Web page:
Improving the productivity of a manufacturing process by speeding up the operation of an old machine can be very difficult, driving plant managers to purchase new equipment. It’s often possible, however, to replace the control system, maintaining the old mechanics, and get the performance of a new machine for much lower cost. Hydraulics distributor CMA/Flodyne/Hydradyne (CMAFH) of Hanover Park, Illinois, recently assisted in such an upgrade for a manufacturer of fastening components. The machine was a press used to imprint patterns on the surface of metal fasteners with a punch that fits into the bottom of a 4" bore hydraulic cylinder (Figure 1). As the punch comes down it reshapes the top of the fastener and its edges to provide a locking feature.
Motion controller selection
In the past, the manufacturer used a programmable logic controller (PLC) to operate a two-position, bang-bang valve to drive the cylinder, but company engineers found imprecise results that limited production to around 60-to-70 parts per minute. As a result, the company moved to a proportional valve and closed-loop controller that operated the valve based on cylinder position/acceleration. The controller would open the valve quickly and then back off the valve as the cylinder got closer to making contact with the fastener. This method enabled an increase in production to approximately 140 parts per minute. But to meet competitive pressures, company managers demanded the rate be increased, driving the need for a new electro-hydraulic motion controller.
Company engineers called CMAFH, with whom they had worked on automation solutions for more than 20 years, to recommend a new controller for the company’s old bang-bang machine.
Hooking up the controller
The Delta RMC75E motion controller (Figure 2), recommended by CMAFH engineering manager Norman Dziedzic, accurately controls position and force, to control acceleration with more precision than the closed-loop controller previously used. Dziedzic programmed the motion controller to move the cylinder to a predetermined position while monitoring the force being applied by the punch. When the force reaches a particular value, the controller is switched to force control mode to ensure that adequate force is ultimately applied to the fastener. The old closed-loop control system used position control only, with some input from a load cell within the tool to verify that a certain minimum force was applied to the part.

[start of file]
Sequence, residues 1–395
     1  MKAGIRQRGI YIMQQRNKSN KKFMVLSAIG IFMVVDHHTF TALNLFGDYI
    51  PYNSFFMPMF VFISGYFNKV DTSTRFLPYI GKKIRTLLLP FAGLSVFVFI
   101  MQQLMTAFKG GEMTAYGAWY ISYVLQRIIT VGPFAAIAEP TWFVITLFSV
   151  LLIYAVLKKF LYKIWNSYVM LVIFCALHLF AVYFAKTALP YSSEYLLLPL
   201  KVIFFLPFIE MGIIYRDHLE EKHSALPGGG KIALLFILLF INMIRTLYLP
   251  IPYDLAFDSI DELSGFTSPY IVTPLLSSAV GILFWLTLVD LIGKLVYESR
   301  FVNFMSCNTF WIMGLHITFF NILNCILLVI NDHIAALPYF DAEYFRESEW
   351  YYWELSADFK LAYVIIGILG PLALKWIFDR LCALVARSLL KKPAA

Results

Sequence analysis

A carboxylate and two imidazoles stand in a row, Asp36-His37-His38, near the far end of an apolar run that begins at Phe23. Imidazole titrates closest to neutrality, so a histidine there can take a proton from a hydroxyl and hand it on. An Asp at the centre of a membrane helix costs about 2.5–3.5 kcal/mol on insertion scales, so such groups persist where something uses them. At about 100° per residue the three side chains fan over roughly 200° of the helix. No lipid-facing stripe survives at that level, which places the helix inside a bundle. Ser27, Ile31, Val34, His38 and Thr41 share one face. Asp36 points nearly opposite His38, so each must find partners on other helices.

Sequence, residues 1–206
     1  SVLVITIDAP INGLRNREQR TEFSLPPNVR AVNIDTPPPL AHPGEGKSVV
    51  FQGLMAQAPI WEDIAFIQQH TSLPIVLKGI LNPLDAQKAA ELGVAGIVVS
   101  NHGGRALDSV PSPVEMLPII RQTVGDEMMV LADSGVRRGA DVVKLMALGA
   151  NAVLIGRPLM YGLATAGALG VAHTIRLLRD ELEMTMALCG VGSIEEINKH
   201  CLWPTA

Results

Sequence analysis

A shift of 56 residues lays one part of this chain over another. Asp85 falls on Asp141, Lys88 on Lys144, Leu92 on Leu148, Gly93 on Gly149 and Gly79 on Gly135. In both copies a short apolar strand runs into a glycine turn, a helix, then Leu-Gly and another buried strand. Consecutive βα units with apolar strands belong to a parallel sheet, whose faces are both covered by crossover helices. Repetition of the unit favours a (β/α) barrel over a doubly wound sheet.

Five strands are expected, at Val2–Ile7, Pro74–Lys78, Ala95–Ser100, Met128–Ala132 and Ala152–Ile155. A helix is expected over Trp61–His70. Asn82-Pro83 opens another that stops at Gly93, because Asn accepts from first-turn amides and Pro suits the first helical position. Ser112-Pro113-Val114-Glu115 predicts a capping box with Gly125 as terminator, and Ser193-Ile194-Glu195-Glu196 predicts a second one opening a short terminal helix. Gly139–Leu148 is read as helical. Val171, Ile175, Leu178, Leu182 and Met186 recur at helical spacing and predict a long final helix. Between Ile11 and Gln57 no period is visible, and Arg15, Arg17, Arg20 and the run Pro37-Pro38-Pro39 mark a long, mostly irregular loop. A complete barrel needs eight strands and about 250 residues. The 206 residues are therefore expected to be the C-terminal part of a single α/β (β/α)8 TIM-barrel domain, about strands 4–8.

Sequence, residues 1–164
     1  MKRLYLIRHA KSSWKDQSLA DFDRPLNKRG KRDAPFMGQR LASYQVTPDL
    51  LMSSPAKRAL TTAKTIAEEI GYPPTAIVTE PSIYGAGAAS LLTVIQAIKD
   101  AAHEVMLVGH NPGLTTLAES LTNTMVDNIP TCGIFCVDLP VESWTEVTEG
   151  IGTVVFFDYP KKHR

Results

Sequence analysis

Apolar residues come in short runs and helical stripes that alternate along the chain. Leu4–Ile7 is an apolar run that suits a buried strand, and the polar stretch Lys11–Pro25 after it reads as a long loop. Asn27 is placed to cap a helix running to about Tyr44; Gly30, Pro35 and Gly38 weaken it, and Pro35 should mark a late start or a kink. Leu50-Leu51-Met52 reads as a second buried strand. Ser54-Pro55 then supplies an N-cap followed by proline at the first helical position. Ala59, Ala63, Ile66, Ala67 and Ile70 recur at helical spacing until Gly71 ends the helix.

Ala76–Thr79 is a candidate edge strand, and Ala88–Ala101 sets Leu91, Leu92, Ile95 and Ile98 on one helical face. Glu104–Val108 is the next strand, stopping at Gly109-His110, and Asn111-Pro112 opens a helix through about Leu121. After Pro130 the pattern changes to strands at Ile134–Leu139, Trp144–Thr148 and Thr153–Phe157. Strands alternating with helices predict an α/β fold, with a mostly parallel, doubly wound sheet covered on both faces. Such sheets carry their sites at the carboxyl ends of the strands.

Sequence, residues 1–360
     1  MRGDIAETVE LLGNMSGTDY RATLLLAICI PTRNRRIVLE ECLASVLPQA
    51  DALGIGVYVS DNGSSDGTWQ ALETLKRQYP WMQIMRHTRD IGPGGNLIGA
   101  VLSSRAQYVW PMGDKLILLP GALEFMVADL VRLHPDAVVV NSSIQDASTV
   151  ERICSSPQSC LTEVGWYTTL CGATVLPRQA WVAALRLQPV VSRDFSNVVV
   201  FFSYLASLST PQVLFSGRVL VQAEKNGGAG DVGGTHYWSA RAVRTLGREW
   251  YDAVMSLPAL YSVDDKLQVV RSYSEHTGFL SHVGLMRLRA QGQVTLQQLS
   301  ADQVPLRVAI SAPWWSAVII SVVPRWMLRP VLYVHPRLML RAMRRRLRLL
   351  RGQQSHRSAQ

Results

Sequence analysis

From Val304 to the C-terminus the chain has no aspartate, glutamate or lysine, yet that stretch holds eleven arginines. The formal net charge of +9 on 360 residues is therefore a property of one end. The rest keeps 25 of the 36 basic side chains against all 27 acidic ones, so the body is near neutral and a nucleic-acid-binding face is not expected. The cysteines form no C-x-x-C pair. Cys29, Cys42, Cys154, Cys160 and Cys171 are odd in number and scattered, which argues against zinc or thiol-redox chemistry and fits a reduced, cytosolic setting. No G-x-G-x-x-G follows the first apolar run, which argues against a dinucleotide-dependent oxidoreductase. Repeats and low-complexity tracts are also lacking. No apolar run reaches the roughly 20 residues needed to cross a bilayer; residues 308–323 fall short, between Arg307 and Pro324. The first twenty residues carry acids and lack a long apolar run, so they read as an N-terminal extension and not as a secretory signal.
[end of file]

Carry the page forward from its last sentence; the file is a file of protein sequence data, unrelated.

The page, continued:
“The Delta controller operates similar to that, but is easier to control,” says Richard Mellor, engineer at the fastener company. Every motion step made by the other controller was initiated by the PLC, and there was lag time in passing position information. “The beauty of the Delta controller is that the motion program now resides in the controller,” Mellor adds.
Now, the PLC just does overall machine control, triggering the Delta RMC to press the part at the appropriate time. When the pressing operation is complete, the Delta controller knows, based on the position and force ranges inputted to the controller, whether the pressed part is a good part or a bad one, and notifies the PLC. The Delta RMC75E gets cylinder position feedback from a linear magnetostrictive displacement transducer (LMDT) via a synchronous serial interface (SSI) to the controller. To measure force, the system uses a fatigue-rated (rugged) force transducer (shown in Figure 1).
Dziedzic set up the motion program initially, and he fine-tuned the loop parameters working with a fastener company engineer. The two also developed the code to implement quality testing of the finished parts.